Her influence on the world stage has been described by The Guardian and other newspapers as the “Greta effect”. She has received numerous honours and awards including honorary Fellowship of the Royal Scottish Geographical Society; Time magazine’s 100 most influential people and the youngest Time Person of the Year; inclusion in the Forbes list of The World’s 100 Most Powerful Women (2019)and two consecutive nominations for the Nobel Peace Prize (2019 and 2020).
- Anoyara Khatun (1996 -present)
“I dream of a world where issues like child marriage, trafficking and any form of abuse won’t be there. Children will have wings, won’t be afraid of anything and can reach the skies”.
Anoyara Khatun is a daughter of West Bengal, has risen from below poverty line. In her early childhood, she was transported to New Delhi as a domestic worker. She escaped the system and breaks the shackles. By looking at the plight of her community children, she collaborates ‘Dhagagia Social Welfare Society’ intending to save child rights. Within a short period of time, Anoyara helped to reunite 180 trafficked children with their families, stopped nearly three dozen child marriages, rescued 85 children from child labour and got 400 children back into school.
Anoyara has been facilitated by Mamta Banerji (CM of West Bengal). Her name was among the nominees for International Children’s Peace Prize. On International women’s day 2017, she was conferred India’s highest civilian award for women, the Narishakti Puruskar. She also participated in the United Nations General Assembly in 2015 and 2016 as an advocate of children’s rights.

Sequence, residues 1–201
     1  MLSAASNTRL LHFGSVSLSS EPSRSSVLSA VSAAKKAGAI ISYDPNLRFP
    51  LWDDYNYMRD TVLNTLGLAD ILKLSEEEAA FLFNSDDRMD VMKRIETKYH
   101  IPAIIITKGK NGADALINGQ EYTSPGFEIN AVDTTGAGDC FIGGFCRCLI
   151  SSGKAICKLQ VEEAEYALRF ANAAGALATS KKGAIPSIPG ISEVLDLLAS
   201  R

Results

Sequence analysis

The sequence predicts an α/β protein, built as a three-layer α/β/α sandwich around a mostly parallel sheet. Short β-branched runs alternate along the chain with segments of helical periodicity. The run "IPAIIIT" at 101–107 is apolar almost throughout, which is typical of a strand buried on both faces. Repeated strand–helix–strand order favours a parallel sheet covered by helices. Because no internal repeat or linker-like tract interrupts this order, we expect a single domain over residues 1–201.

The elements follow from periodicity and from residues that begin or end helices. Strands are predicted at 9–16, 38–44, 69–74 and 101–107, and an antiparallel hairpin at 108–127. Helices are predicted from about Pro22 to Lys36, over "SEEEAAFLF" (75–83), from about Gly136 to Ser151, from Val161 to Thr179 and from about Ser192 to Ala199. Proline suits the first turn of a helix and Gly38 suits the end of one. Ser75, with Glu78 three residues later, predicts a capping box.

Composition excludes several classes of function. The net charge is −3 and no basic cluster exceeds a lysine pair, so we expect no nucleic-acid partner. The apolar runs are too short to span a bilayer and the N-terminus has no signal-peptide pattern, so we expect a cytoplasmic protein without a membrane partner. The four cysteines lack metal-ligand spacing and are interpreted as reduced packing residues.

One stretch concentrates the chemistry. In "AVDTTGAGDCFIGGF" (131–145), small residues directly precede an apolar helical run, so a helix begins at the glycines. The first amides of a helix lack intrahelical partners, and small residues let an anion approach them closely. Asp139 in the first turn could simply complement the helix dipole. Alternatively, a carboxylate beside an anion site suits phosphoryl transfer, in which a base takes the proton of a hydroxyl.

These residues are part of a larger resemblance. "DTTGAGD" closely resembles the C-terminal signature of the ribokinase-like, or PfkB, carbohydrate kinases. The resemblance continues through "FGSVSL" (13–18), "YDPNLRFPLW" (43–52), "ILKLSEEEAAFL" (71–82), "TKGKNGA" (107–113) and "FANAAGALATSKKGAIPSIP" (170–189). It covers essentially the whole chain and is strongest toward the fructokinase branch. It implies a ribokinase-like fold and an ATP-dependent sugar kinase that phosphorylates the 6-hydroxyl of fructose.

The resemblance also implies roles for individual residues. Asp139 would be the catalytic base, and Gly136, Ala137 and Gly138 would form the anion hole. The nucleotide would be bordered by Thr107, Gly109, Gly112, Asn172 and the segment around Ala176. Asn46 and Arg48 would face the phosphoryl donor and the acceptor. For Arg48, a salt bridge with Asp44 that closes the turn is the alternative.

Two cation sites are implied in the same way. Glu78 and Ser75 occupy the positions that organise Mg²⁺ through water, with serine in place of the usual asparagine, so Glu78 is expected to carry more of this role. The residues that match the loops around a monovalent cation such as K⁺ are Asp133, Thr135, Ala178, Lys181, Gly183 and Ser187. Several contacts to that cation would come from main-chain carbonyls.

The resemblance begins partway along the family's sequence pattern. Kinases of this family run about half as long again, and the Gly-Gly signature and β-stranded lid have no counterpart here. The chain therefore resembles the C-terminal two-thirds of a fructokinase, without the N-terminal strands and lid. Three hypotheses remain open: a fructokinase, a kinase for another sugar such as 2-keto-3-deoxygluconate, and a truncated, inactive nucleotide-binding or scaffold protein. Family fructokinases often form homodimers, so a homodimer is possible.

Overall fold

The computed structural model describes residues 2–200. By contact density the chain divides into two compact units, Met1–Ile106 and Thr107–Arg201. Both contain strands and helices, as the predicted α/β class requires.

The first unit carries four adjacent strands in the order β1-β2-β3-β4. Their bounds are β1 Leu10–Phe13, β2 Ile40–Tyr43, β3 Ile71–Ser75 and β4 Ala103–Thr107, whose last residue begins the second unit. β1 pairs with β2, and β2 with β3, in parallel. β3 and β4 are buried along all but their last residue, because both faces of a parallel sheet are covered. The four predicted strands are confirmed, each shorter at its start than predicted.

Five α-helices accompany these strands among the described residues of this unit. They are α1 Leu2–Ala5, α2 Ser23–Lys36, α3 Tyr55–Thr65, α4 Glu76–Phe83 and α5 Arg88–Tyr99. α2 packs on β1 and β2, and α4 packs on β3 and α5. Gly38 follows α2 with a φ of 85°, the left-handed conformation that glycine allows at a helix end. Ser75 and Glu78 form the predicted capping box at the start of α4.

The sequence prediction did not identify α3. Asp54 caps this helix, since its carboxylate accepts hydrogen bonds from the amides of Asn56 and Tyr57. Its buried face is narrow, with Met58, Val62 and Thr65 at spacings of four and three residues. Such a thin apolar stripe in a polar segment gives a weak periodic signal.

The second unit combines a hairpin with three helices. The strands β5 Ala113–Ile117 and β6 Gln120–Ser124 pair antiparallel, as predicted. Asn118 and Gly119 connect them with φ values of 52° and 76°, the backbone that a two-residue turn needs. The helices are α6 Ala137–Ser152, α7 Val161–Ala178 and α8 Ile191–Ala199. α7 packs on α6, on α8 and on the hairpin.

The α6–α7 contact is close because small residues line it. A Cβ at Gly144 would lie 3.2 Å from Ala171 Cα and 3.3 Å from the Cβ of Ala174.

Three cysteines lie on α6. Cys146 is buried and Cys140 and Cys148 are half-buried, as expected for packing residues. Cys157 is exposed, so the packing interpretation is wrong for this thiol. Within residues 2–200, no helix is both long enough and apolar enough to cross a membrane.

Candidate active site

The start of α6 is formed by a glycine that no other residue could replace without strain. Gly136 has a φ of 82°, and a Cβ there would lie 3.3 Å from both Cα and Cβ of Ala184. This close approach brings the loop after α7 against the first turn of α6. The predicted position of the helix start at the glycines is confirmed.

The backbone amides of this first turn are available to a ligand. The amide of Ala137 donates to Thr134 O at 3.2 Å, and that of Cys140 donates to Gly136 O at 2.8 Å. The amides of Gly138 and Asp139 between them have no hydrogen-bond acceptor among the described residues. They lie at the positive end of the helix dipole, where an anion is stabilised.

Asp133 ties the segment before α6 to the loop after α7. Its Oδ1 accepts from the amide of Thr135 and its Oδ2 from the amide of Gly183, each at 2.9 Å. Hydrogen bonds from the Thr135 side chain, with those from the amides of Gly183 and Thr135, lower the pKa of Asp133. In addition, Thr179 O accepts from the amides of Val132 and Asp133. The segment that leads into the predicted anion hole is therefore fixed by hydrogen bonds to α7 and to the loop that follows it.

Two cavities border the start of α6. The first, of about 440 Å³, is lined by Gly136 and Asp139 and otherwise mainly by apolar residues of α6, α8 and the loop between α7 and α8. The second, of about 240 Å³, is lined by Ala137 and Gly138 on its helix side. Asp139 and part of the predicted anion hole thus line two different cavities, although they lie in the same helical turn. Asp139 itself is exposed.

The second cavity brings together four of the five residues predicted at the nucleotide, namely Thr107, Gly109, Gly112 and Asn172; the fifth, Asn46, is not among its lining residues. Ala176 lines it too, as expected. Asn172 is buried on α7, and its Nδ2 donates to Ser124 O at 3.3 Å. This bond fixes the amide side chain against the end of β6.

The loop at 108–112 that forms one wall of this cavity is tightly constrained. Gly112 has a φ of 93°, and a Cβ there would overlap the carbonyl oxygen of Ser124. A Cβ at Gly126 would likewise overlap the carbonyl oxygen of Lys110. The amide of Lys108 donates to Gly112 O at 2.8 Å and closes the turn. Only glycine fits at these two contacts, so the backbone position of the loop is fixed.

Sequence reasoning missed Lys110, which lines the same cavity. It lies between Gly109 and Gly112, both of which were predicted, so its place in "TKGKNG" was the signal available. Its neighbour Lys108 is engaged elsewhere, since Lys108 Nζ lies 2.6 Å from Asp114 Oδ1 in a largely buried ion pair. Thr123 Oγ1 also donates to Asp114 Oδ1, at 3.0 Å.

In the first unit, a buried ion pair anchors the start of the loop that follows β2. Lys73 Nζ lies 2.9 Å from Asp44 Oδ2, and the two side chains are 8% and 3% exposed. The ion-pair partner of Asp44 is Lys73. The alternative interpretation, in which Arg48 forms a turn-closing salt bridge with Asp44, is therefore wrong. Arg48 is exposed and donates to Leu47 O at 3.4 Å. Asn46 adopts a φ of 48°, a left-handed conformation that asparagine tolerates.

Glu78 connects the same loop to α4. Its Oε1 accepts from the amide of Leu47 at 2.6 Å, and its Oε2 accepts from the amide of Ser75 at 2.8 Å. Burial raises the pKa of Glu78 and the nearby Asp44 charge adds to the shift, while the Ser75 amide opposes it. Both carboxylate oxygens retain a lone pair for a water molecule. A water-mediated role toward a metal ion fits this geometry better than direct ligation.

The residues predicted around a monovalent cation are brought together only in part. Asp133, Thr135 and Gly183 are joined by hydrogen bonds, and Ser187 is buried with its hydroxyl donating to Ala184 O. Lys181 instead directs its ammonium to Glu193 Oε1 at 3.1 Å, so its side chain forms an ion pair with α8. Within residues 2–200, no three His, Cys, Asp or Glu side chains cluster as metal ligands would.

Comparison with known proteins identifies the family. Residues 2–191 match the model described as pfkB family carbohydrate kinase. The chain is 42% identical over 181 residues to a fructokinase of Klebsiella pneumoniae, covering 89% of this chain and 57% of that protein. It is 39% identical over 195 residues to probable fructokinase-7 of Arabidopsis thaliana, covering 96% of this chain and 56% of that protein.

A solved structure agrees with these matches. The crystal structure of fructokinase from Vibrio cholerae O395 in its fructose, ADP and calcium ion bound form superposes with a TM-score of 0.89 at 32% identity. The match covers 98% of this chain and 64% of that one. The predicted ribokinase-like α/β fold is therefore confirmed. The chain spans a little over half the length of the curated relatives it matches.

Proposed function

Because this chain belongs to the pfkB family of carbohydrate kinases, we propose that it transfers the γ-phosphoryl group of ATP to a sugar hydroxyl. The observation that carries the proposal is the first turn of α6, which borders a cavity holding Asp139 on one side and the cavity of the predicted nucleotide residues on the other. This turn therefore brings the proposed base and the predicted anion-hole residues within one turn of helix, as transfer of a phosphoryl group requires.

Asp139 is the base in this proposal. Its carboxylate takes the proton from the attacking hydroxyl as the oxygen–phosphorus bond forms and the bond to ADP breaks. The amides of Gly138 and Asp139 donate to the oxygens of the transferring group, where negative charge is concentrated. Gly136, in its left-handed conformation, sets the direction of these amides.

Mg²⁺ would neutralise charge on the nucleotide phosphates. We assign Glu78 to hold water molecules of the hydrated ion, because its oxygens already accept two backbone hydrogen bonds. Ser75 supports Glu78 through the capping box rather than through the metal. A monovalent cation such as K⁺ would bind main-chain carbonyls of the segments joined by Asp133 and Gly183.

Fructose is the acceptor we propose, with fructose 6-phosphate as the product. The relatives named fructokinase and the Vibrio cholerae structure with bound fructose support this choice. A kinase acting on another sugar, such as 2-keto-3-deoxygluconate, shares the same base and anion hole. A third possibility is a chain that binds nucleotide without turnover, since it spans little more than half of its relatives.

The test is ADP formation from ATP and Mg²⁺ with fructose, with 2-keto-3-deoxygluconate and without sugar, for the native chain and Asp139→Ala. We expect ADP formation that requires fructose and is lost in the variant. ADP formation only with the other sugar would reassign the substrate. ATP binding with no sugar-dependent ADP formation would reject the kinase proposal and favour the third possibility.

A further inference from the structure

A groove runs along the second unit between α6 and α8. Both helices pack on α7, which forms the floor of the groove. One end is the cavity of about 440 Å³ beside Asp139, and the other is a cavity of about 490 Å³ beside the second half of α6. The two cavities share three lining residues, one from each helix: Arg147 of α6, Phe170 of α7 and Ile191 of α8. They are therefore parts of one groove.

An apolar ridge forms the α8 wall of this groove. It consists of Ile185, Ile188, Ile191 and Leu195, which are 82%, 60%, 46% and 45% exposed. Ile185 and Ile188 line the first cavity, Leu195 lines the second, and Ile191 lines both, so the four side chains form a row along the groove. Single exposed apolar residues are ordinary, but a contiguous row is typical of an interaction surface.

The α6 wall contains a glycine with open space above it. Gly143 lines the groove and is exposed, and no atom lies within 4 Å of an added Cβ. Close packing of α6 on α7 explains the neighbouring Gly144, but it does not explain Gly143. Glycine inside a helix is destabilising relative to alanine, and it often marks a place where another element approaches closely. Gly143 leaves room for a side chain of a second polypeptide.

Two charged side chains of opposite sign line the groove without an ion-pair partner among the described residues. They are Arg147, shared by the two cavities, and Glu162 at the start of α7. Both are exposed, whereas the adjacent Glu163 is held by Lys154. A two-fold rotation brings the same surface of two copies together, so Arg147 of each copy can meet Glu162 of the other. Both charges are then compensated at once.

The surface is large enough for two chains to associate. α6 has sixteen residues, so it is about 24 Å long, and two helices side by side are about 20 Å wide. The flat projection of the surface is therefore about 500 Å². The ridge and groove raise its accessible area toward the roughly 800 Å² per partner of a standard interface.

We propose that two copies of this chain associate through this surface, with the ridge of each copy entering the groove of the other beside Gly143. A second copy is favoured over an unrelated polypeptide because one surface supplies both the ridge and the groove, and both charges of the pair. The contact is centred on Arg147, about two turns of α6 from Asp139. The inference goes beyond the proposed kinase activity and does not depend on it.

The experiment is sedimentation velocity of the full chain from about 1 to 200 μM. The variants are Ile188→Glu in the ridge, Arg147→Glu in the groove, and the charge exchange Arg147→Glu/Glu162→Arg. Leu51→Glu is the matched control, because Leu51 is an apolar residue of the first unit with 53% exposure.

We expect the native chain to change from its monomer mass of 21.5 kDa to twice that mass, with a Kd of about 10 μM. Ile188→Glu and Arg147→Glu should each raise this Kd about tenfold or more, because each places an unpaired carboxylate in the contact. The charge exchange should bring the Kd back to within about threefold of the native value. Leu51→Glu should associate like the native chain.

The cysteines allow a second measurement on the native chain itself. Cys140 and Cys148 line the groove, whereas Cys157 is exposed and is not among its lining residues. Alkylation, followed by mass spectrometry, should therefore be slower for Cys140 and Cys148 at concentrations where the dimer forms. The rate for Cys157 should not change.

- Zuriel Oduwole (July 2002 – present)
“We need involvement of first Ladies, mothers, School owners and all change-agents to ensure that the girl-child is allowed to have quality education and acquire skills that would make her a wholesome person to herself and the nation at large.”
Zuriel Oduwole is an African-American youth educationist. She is well known for her film making skill at such tender age of 12. She works on the education of girls in South Africa. Within this span of time, she has managed to meet 31 presidents and prime minister of Africa. In February 2015, Elle Magazine listed her in their annual feature of “33 Women Who Changed The World”. Currently, she is a speaker at various universities.
- Melati Wijsen and Isabel Wijsen ( 2001 – present)
“We didn’t want to wait until we were older to stand up for what we believe in.”
-Melati Wijsen and Isabel Wijsen
In 2013 two sisters from Indonesia went on hunger strike to gain the attention of then-governor of Bali. They were of 12 and 10 years old when they began a campaign to get rid Bali of single-use plastic bags titled ‘Bye Bye Plastic Bags’. The campaign resulted in Pastika signing an order to ban styrofoam, plastic bags and straw from the island effective 2018.
All the above-mentioned youth revolutionaries have taught us great lessons.
Out of many subtle messages, one of them is that your gender, region, religion, caste, class or whatsoever ridiculous factors you consider, should not come in a way to define you and your cause.
Age is just a number. The greatness comes in all size, shapes and gender. Whoever you are, whatever your age is, doesn’t matter at all. The main concern is to be able to look for positive changes.